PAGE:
Health & Education

What education, grocery stores, and have in common

Kristin L. Allen | Virginia Education Coalition

In August 2017, Amazon entered the retail grocery market. Its goal: transform the economic value chain associated with traditional bricks-and-mortar grocery delivery. Its plan: expand its scope, differentiate its product, cut cost by integrating grocers and customers into its larger e-commerce platform, and lower consumer prices. , Traditional grocery chains’ market value dropped 8 percent overnight.

And this is just the beginning – we will … continuously lower prices as we invent together. – Jeff Wilke, CEO of Amazon World Consumer

Education and grocery stores are different industries, but both have much to learn from Amazon. Like traditional grocers, public education’s business model is based on a command-and-control, geographically-based, product delivery system that has worked the same for decades. Both take advantage of technology to improve their business model, but in different ways. Continue reading

VEC Releases its study “Impact of Parental Choice Education Savings Accounts on Rural Virginia Counties”

Kristin L. Allen

For the third year, Del. David LaRock (VA-33) has introduced Parental Choice Education Savings Account (PCESA) legislation in the Virginia General Assembly.

This legislation will allow a parent to receive approximately one-third of Virginia’s per pupil expenditure on K12 education to place their public school student in a private school or home school, leaving one-third of the expenditure to cover the fixed cost of school operations, and one-third as savings to the state and locality for re-investment in public schools.

Under a grant from EdChoice (formerly the Friedman Foundation), VEC analyzed the economic and fiscal impact of PCESA legislation on rural Virginia Counties (see VEC Report PDF).

VEC found that implementation of the PCESA will deliver the following results: Continue reading

The Elephant in the Classroom: Mass Immigration’s Impact on Public Education

What Every Parent and Taxpayer Should Know About Immigration and the Public Education Crisis.
The total LEP cost for Virginia is $1,356,730,290. Minus the federal contribution (your tax dollars) of $11,431,525, the total cost to the state (your tax dollars again) is $1,345,298,765

Federation for American Immigration Reform


Public school districts across the United States are suffering under a massive unfunded mandate imposed by the federal government: the requirement to educate millions of illegal aliens, the school age children of illegal aliens, refugees and legal immigrant students. FAIR estimates that it currently costs public schools $59.8 billion to serve this burgeoning population. The struggle to fund programs for students with Limited English Proficiency (LEP), sometimes called English Language Learners (ELL), represents a major drain on school budgets. Yet due to political correctness, it is taboo to raise the issue even though scarce resources are redirected away from American citizens to support programs like English for Speakers of Other Languages (ESOL) and English as a Second Language (ESL).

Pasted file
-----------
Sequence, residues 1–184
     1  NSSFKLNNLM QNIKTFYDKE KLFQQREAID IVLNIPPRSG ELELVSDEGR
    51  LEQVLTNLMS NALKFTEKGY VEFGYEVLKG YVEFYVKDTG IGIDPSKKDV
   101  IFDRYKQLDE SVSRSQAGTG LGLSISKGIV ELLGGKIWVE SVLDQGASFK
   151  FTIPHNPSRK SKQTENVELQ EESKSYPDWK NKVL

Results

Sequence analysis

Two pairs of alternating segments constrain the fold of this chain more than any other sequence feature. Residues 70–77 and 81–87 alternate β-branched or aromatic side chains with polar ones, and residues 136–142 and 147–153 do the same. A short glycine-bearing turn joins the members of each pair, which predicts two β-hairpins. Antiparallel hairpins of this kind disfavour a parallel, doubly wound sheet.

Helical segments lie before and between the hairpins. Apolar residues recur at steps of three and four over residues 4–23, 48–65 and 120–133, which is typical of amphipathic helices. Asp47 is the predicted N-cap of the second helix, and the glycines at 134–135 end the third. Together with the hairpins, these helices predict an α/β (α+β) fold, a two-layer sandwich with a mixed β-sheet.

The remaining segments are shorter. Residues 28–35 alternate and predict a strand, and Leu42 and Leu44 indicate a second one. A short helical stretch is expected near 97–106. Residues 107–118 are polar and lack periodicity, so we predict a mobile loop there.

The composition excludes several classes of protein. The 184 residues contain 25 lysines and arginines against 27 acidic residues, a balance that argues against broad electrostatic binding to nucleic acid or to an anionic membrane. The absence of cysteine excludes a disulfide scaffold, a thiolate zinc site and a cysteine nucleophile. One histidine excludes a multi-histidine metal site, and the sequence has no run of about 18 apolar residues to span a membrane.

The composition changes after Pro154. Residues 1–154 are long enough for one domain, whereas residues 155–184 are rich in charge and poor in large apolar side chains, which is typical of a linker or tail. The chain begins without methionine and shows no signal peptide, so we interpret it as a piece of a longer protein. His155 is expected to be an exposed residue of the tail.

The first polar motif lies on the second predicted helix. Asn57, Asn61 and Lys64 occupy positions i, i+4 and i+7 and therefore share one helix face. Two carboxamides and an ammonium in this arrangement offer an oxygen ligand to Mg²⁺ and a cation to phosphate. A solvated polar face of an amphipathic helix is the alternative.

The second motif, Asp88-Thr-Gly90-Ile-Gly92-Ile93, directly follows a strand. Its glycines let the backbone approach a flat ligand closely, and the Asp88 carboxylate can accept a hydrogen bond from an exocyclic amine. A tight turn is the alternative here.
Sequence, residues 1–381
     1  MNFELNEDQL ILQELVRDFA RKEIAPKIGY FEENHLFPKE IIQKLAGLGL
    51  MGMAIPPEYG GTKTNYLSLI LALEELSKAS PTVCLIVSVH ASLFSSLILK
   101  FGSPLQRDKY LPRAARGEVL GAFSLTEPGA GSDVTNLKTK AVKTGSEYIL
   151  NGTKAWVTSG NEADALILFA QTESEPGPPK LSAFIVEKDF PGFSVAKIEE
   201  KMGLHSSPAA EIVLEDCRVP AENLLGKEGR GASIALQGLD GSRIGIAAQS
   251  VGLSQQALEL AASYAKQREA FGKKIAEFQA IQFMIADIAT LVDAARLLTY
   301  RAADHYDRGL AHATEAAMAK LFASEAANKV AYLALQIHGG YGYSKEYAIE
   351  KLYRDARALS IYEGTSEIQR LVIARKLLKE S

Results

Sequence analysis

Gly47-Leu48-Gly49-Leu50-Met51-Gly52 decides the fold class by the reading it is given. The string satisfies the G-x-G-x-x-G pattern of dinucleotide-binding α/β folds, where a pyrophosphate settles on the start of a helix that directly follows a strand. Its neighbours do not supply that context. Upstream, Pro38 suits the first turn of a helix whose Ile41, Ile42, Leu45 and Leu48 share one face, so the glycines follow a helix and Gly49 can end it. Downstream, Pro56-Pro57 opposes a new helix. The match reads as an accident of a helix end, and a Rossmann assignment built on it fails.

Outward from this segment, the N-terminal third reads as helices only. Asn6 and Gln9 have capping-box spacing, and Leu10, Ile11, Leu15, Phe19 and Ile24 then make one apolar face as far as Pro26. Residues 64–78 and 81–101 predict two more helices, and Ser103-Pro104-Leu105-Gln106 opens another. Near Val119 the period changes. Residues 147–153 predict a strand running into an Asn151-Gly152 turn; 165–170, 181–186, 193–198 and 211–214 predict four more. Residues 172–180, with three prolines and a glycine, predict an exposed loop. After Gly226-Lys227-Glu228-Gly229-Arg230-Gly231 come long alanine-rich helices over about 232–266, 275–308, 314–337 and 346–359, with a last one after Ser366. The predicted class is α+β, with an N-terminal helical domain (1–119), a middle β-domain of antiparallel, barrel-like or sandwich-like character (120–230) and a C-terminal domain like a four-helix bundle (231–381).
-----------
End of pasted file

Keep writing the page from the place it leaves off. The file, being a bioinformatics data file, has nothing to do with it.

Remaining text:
The influx of newcomers to the public schools is helping President Barack Obama fulfill the promise he made five days before his election in 2008 to “fundamentally [transform] the United States.” Almost one in every ten students enrolled in public schools is designated as LEP. For kindergartners, the figure is 17.4 percent. In 2013, the Department of Education determined that the United States will require 82,408 new or trained LEP teachers by 2018—if school districts can find enough qualified candidates. Despite the growing LEP population, only 10 percent of teachers are currently certified or trained in ESL.1

Factors Straining Public Schools

  • A surge of Unaccompanied Alien Minors crossing the border from Mexico, Guatemala,Honduras and El Salvador beginning in 2014
  • Family units entering the country illegally
  • People overstaying their visas
  • Higher-than-average birthrates among families with an illegal head-of-household
  • Around a million legal immigrants granted permanent resident status every year since 2004

In addition, the spread of “sanctuary” policies across the country—cities, counties and two states (California and Connecticut) that refuse to cooperate with federal immigration agencies—also serves as a magnet for illegal aliens. Almost every school district highlighted in this report operates in an active sanctuary jurisdiction.2

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Patient First No Longer Accepting New Anthem Patients

Matt Chaney | Capital News Service

RICHMOND – Virginia’s largest provider of primary and urgent health care, Patient First, has stopped accepting new patients insured by Anthem Blue Cross Blue Shield, citing Anthem’s “reduction in the reimbursement rates paid.”

The change, which took effect Feb. 2, also excludes all Anthem members with HealthKeepers Plus plans, even people who are existing patients at Patient First.

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Time to Stop Criminalizing Mere Misconduct

By Chris Braunlich and Angela Ciolfi
            Why does Virginia have the highest rate of referring school children to police?
            A report last April by the Center on Public Integrity, using U.S. Department of Education data, demonstrated that Virginia schools referred students to law enforcement at a rate nearly three times higher than the national average.
            And the stories attached to the figures are legendary – from the 11-year-old boy with autism charged with disorderly conduct for kicking a trashcan, to the 12-year-old girl charged with four misdemeanors, including “obstruction of justice” for “clenching her fist” at a police officer.

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